Govt ready to introduce GM bill

Govt ready to introduce GM bill

Cropping
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Genetically-modified crops are back on the state parliamentary agenda, with the government planning to introduce new legislation this afternoon.

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Genetically-modified crops are back on the state parliamentary agenda, with the government planning to introduce new legislation into parliament this afternoon to allow the cultivation of GM crops.

The move comes after Greens MLC Mark Parnell reiterated his intent to put forward a disallowance motion against the government's change to regulations in late December, which technically made GM crops legal in SA as of January 1.

The government said the introduction of new legislation would ultimately ensure certainty for growers and allow for considered debate.

New legislation could potentially remove the need for a disallowance motion, which SA Best crossbenchers said they would support again - having also backed a disallowance motion from Mr Parnell in late November.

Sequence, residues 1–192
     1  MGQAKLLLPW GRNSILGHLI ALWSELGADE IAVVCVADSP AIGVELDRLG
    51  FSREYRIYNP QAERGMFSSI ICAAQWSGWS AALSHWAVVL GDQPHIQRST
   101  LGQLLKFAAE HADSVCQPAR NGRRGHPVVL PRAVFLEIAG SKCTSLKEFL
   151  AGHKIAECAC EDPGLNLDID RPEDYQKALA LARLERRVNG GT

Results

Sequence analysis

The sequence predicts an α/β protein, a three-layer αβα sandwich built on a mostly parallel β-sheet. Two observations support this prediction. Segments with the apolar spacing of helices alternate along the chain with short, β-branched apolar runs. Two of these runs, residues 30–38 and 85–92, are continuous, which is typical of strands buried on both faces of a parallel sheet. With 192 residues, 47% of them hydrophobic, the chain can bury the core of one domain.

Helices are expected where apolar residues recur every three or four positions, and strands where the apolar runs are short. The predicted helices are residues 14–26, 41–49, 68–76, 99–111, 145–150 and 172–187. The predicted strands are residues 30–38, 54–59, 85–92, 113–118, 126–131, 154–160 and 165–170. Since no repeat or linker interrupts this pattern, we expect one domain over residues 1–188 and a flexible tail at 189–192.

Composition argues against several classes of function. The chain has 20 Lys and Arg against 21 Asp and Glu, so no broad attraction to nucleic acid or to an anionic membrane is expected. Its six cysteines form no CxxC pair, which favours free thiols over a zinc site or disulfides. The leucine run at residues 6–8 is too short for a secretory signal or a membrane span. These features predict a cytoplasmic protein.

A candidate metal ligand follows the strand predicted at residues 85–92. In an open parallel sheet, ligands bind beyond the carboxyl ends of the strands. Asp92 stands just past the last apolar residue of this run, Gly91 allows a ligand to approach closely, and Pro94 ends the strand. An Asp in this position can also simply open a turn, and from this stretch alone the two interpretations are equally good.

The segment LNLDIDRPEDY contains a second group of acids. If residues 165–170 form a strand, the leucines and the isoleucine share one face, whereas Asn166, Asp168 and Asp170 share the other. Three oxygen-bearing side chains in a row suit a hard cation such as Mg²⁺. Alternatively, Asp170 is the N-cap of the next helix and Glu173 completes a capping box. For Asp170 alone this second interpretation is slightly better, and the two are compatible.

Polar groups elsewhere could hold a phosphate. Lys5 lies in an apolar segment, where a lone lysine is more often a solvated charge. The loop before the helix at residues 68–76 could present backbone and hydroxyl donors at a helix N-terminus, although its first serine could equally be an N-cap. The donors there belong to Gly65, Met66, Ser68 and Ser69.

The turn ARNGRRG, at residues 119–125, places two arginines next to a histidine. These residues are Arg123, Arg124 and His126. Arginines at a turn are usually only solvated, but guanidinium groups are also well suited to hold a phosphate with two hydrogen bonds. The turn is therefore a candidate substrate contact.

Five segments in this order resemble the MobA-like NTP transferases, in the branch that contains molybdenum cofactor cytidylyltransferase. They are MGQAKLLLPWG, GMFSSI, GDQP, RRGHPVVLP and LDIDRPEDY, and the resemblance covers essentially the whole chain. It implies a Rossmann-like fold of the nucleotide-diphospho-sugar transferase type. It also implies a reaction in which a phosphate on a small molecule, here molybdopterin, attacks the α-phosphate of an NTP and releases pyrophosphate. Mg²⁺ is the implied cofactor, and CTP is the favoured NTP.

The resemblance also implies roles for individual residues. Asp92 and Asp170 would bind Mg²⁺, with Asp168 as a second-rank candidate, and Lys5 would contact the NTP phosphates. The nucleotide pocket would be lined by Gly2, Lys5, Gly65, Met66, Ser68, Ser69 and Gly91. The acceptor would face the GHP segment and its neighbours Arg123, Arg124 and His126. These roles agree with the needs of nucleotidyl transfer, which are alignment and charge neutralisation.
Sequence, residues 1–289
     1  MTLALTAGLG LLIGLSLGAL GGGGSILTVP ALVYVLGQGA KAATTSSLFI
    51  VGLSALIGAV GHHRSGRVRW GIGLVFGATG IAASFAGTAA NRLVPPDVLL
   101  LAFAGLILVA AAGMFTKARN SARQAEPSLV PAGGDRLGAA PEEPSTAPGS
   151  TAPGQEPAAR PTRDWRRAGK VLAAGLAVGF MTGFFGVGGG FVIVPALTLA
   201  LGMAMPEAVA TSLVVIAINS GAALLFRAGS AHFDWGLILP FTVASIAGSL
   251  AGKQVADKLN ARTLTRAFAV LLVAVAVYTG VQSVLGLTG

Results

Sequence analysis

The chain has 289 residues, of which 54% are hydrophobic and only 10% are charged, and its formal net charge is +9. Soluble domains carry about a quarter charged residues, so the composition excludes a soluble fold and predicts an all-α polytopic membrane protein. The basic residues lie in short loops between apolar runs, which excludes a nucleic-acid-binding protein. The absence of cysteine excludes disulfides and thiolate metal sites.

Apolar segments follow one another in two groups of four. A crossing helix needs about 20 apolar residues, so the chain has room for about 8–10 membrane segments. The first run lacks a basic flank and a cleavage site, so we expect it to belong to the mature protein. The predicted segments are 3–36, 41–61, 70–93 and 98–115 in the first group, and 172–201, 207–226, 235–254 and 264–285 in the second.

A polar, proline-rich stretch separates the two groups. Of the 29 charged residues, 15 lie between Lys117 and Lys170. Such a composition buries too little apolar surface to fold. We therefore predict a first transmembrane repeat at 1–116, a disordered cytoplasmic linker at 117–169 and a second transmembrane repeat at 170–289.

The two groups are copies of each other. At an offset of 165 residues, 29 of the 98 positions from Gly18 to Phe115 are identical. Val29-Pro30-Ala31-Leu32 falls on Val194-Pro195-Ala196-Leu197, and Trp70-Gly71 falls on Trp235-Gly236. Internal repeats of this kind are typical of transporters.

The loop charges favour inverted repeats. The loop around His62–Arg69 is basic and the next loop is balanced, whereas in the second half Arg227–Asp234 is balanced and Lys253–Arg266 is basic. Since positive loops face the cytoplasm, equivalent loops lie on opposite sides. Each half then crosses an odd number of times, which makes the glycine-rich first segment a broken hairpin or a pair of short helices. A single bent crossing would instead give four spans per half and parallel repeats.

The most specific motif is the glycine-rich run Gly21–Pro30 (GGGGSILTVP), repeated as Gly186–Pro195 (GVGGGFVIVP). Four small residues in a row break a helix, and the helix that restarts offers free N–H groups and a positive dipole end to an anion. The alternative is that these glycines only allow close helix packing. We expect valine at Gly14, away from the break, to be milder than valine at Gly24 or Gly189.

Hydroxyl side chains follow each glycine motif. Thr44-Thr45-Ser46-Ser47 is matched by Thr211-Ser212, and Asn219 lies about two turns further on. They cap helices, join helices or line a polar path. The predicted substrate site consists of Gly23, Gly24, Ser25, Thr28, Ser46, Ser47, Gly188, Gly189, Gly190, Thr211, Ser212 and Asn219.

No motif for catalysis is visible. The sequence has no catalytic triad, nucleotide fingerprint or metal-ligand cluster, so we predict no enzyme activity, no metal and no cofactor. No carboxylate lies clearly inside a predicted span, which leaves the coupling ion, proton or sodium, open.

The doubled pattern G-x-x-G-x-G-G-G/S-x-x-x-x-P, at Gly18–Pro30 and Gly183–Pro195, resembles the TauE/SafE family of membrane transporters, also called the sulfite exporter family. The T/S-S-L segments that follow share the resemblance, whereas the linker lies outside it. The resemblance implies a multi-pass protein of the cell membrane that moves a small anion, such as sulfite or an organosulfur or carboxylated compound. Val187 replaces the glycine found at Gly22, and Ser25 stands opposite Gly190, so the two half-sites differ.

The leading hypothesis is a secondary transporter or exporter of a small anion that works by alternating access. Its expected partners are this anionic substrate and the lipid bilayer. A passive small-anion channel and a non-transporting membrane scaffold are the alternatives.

Having considered their position on GM crops during the Parliamentary break, SA Best issued a statement to Stock Journal - before the government revealed its intentions to introduce legislation this afternoon - saying their position was clear.

"We fully support the introduction of GM crops, but it needs to be an equal playing field," the statement said.

"We support farmers and their rights to choose to grow the crops of their choosing, but there needs to be choice, flexibility, compromise and protections for GM and non-GM producers."

SA Best also said it had been considering introducing a bill of its own, one which they said would "ensure all stakeholders are satisfied".

The statement said this potential bill would likely include "a person being able to request the EPA (Environment Protection Authority) undertake an inspection of a GM crop if they believe their own property is contaminated; a designated buffer zone between a GM crop and non-GM crop paddock; and the requirement for a GM crop farmer to give 60 days notice before cultivating and harvesting their crop".

"A person will be able to pursue the patent holder if they have suffered loss without needing to prove negligence, and of course will still be able to pursue any other civil remedy that might also be available to them," the statement said.

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